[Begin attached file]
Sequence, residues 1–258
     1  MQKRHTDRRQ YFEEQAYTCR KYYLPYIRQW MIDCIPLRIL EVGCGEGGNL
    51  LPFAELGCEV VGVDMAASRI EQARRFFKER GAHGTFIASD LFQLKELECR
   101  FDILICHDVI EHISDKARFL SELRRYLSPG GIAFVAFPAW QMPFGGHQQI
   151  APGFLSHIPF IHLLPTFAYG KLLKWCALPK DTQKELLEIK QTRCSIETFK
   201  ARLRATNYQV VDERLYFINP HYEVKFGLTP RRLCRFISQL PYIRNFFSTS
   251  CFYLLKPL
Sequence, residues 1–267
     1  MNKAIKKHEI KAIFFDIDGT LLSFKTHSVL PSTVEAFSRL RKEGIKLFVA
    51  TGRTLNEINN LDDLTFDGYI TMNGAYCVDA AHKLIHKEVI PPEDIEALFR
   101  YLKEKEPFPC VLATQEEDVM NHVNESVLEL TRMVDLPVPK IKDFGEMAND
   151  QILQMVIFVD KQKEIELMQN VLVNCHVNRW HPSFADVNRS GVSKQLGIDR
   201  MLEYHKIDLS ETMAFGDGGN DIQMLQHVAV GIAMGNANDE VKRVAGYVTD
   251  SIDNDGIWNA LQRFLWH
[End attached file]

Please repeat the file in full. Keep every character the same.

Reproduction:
Sequence, residues 1–258
     1  MQKRHTDRRQ YFEEQAYTCR KYYLPYIRQW MIDCIPLRIL EVGCGEGGNL
    51  LPFAELGCEV VGVDMAASRI EQARRFFKER GAHGTFIASD LFQLKELECR
   101  FDILICHDVI EHISDKARFL SELRRYLSPG GIAFVAFPAW QMPFGGHQQI
   151  APGFLSHIPF IHLLPTFAYG KLLKWCALPK DTQKELLEIK QTRCSIETFK
   201  ARLRATNYQV VDERLYFINP HYEVKFGLTP RRLCRFISQL PYIRNFFSTS
   251  CFYLLKPL
Sequence, residues 1–267
     1  MNKAIKKHEI KAIFFDIDGT LLSFKTHSVL PSTVEAFSRL RKEGIKLFVA
    51  TGRTLNEINN LDDLTFDGYI TMNGAYCVDA AHKLIHKEVI PPEDIEALFR
   101  YLKEKEPFPC VLATQEEDVM NHVNESVLEL TRMVDLPVPK IKDFGEMAND
   151  QILQMVIFVD KQKEIELMQN VLVNCHVNRW HPSFADVNRS GVSKQLGIDR
   201  MLEYHKIDLS ETMAFGDGGN DIQMLQHVAV GIAMGNANDE VKRVAGYVTD
   251  SIDNDGIWNA LQRFLWH